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* Northland area students named to the 2015 fall semester dean's list at Ohio Wesleyan University include Zoe Baumgartner-Brown and Todd D'Andrea.
Now that the city's new hotel-licensing law has been enforced for the first time, Northland Community Council President Emmanuel V. Remy would like to see other aspects of government control brought to bear on problematic lodging operations.
Thanks to a bipartisan effort -- and some personal inspiration -- a pair of central Ohio lawmakers helped guide unanimous passage of a House bill to shield the personal information of domestic violence victims.
With an ongoing goal of reducing infant mortality rates in central Ohio, Celebrate One is working on an initiative that will provide pregnant women with prenatal care information and patient referral services.
Marking its fifth anniversary this year, RecyColumbus is putting up admirable numbers, the city's environmental steward said.
Northland Community Council representatives last week unanimously elected officers for 2016-17, with one new person joining the existing slate.
Legionnaires' disease, an ailment that frequently finds its way into the media spotlight, is not all that uncommon in Ohio, according to the state's medical director.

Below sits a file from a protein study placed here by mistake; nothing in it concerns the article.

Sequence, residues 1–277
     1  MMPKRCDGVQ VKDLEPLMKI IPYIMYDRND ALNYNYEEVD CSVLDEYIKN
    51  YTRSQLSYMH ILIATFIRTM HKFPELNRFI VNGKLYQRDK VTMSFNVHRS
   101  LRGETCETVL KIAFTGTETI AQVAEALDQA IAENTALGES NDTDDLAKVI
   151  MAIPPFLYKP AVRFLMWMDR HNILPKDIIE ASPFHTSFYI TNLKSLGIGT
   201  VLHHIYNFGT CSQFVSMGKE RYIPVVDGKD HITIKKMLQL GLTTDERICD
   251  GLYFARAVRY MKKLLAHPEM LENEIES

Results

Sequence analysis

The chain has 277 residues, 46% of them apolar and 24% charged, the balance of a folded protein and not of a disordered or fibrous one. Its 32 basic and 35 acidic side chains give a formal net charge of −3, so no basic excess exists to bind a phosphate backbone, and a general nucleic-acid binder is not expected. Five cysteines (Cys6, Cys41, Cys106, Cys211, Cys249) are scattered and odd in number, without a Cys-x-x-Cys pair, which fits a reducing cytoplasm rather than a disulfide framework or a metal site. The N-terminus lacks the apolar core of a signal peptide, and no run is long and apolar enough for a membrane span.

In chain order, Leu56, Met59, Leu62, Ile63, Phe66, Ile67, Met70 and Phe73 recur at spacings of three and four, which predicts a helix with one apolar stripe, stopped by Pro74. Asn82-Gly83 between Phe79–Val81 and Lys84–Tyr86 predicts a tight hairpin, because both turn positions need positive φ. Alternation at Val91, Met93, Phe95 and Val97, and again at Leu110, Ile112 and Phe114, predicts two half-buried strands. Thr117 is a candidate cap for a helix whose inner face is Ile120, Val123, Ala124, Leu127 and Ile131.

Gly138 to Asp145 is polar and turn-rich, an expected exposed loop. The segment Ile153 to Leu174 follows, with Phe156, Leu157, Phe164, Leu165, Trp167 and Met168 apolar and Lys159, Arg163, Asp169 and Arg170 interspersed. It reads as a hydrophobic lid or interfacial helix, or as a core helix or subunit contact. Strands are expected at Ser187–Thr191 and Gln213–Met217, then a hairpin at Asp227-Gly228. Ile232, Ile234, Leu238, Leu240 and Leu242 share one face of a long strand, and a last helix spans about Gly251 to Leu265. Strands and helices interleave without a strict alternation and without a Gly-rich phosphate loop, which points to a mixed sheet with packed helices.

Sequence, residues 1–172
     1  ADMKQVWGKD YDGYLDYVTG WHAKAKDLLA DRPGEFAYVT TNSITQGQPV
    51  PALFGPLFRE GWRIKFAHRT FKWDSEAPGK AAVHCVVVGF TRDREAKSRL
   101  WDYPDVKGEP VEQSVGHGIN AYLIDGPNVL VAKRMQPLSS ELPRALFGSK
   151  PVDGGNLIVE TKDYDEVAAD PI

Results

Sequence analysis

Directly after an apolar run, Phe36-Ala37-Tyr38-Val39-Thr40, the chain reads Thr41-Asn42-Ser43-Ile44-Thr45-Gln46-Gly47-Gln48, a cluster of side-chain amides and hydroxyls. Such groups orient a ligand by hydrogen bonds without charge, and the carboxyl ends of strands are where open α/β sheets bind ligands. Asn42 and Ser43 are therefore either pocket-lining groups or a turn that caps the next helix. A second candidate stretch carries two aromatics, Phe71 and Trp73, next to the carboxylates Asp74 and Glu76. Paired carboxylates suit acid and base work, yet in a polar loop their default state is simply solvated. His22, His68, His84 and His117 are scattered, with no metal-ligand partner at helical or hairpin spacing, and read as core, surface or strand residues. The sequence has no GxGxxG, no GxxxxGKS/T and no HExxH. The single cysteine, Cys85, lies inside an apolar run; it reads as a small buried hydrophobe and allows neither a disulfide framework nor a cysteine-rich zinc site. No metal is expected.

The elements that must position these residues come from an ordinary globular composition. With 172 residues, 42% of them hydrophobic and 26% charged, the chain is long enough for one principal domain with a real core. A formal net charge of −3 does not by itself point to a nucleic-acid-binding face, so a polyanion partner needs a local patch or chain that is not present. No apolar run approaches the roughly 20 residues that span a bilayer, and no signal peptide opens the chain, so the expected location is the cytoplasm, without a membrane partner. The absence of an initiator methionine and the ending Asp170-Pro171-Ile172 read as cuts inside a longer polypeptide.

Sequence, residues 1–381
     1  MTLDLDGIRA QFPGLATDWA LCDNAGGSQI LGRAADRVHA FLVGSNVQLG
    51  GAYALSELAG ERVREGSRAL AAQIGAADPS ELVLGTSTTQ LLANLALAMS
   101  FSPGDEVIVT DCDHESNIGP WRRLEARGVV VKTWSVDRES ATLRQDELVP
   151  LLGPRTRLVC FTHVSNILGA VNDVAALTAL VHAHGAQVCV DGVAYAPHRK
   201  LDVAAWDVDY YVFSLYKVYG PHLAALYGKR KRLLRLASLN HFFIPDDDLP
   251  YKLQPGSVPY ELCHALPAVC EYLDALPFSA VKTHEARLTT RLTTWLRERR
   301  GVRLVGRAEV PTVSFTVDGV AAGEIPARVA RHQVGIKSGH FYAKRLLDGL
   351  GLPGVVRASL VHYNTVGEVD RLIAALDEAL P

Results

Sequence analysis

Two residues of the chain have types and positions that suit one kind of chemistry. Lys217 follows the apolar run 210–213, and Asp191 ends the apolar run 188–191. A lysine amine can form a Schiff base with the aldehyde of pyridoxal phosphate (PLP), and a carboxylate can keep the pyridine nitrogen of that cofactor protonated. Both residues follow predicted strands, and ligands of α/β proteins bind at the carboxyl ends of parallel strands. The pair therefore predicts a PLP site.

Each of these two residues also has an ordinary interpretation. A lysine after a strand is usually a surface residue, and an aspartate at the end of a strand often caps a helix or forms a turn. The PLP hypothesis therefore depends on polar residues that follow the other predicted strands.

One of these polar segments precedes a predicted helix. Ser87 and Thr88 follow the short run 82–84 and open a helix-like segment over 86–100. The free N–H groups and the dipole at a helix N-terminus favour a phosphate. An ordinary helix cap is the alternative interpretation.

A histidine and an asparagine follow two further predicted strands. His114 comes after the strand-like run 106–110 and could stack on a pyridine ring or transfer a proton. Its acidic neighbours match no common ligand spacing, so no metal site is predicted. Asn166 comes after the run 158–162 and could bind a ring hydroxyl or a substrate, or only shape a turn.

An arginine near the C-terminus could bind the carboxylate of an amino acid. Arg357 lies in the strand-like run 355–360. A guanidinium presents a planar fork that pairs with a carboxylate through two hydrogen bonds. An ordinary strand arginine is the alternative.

Canal Winchester resident Paul Workmaster is a man with a mission.
* Mackenzie Leland, a freshman communication major from the Northland area, was among Bob Jones University students named to the fall 2015 dean's list.
Putting some finishing touches late last week on a large and colorful mural he designed for a stairwell at Northland High School, artist Jeremy Jarvis said the faces depicted in it are serious for a reason.
The first instance of enforcement of a new law requiring hotels and motels in Columbus to receive a permit to operate took place Feb. 1.
Ulry Road rezoning
The Northland Community Council development committee voted against approving a mix of apartments, condos and an assisted-living facility on a 60-acre parcel along Ulry Road when the rezoning request came before the members in March 2015.
Franklin County still is in the depths of a syphilis outbreak and the number of infected individuals has increased by 47 to 348 cases in 2015.